Innovation, Durability and Design
T3 (Timber, Transit, Technology) is the first commercial property in the United States to use engineered wood for its structure and interior. The 7-storey, 220,000-square-foot building was constructed with 8-foot-by-20-foot panels of engineered wood that were stacked across beams of glued, laminated timber. The panels themselves consisted of smaller strips of wood nailed together.
The 500,000 square foot Butler Bros. Wood Building has been standing for over 100 years and is still in use today.
Photo: Preservation Alliance of Minnesota
Wood tolerates high humidity and is capable of absorbing and releasing water vapor without compromising its structural integrity. This moisture buffering effect of wood is called hygroscopicity. Although problems may arise when wood gets too wet for too long, wood buildings that are properly designed and constructed are durable and perform well in all types of climates.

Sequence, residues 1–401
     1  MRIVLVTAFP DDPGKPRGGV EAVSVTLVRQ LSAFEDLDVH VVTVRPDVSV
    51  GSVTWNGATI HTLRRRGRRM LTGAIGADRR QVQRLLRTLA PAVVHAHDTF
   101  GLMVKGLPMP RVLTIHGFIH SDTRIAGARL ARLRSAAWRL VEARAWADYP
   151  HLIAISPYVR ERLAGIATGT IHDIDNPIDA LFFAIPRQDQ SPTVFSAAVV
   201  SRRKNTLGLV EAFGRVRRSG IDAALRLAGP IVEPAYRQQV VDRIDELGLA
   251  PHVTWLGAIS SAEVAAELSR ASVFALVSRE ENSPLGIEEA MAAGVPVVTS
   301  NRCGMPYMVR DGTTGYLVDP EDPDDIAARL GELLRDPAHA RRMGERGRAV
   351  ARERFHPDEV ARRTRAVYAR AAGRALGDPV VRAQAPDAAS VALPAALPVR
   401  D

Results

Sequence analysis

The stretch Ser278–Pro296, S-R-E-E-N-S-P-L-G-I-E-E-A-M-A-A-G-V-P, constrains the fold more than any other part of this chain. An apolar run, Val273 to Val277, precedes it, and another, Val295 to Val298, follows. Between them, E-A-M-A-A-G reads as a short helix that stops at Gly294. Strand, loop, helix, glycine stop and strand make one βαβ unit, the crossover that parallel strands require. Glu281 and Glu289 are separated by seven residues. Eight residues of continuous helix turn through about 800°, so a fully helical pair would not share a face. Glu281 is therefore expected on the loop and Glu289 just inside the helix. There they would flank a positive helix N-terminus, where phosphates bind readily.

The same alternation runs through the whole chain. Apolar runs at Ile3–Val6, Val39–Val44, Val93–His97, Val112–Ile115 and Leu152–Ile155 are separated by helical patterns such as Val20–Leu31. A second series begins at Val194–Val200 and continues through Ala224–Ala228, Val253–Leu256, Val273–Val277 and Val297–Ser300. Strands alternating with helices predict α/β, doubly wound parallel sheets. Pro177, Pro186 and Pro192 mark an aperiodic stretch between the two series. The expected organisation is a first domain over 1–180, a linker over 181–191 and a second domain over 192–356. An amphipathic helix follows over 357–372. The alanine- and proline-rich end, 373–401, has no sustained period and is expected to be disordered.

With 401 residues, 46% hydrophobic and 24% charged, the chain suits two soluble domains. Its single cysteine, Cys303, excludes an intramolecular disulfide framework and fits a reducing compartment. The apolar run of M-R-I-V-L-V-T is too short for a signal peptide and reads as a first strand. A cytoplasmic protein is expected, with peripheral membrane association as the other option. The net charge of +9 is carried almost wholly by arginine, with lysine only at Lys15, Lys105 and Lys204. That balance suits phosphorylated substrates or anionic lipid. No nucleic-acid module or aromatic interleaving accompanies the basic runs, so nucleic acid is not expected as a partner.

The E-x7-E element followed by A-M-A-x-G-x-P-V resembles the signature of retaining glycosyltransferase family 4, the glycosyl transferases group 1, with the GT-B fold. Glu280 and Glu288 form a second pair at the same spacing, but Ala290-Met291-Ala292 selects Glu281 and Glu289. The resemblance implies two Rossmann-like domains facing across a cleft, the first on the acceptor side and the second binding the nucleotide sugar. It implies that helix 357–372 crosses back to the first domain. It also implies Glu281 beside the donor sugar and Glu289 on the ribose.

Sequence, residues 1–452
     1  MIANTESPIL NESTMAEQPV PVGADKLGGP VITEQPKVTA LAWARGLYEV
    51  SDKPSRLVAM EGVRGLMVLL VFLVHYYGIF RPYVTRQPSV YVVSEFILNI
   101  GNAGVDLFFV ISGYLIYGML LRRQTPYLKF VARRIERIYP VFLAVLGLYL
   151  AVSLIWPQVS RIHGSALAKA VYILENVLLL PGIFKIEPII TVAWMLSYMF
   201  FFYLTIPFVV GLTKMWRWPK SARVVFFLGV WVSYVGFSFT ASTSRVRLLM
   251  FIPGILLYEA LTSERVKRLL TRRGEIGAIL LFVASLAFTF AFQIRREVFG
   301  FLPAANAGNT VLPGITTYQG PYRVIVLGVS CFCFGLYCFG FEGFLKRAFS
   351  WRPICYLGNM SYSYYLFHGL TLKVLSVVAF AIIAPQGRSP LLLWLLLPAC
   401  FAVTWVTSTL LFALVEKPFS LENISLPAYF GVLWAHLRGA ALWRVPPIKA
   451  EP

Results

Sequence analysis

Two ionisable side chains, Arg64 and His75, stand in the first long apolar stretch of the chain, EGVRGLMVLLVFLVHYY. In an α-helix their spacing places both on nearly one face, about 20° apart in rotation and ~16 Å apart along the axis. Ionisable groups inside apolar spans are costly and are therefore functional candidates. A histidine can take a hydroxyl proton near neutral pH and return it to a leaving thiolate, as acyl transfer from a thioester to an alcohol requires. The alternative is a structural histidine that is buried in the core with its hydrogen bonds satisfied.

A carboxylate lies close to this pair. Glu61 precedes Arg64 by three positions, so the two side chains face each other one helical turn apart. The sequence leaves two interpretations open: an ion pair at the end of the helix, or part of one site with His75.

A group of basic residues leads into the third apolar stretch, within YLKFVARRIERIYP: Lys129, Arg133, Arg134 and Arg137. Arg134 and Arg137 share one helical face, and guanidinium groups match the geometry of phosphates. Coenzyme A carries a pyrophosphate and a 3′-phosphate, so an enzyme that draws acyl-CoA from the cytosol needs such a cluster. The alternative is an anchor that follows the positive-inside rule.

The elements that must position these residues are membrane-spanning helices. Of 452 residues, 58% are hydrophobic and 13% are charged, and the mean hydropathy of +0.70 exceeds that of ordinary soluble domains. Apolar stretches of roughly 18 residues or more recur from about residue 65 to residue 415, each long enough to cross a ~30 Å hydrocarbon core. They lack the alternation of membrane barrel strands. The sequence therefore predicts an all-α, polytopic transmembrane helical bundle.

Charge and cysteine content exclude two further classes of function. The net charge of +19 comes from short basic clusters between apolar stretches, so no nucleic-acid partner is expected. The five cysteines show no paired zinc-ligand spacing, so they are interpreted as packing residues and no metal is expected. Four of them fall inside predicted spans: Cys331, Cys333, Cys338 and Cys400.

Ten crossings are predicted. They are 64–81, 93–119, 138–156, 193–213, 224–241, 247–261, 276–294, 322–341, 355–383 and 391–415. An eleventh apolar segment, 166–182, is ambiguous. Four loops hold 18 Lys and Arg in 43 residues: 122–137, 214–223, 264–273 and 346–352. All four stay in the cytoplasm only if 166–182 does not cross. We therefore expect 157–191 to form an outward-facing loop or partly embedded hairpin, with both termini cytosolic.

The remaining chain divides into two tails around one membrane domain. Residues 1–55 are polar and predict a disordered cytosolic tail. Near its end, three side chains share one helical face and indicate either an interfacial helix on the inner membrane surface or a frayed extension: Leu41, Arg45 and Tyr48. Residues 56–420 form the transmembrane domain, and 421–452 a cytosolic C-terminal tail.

Manage the Damage
Preparing for Natural Disasters
International Code Council members stand as the first line of defense in applying building codes to the construction of safe, sustainable, and more affordable and resilient structures. The entire month of May pays tribute to that distinguished service with the 37th annual Building Safety Month.
This installment of Codes Counts concentrates on the theme of week three of Building Safety Month: Manage the Damage – Preparing for Natural Disasters.
Wood’s design flexibility makes it suitable for a wide range of building types and applications, both structural and aesthetic.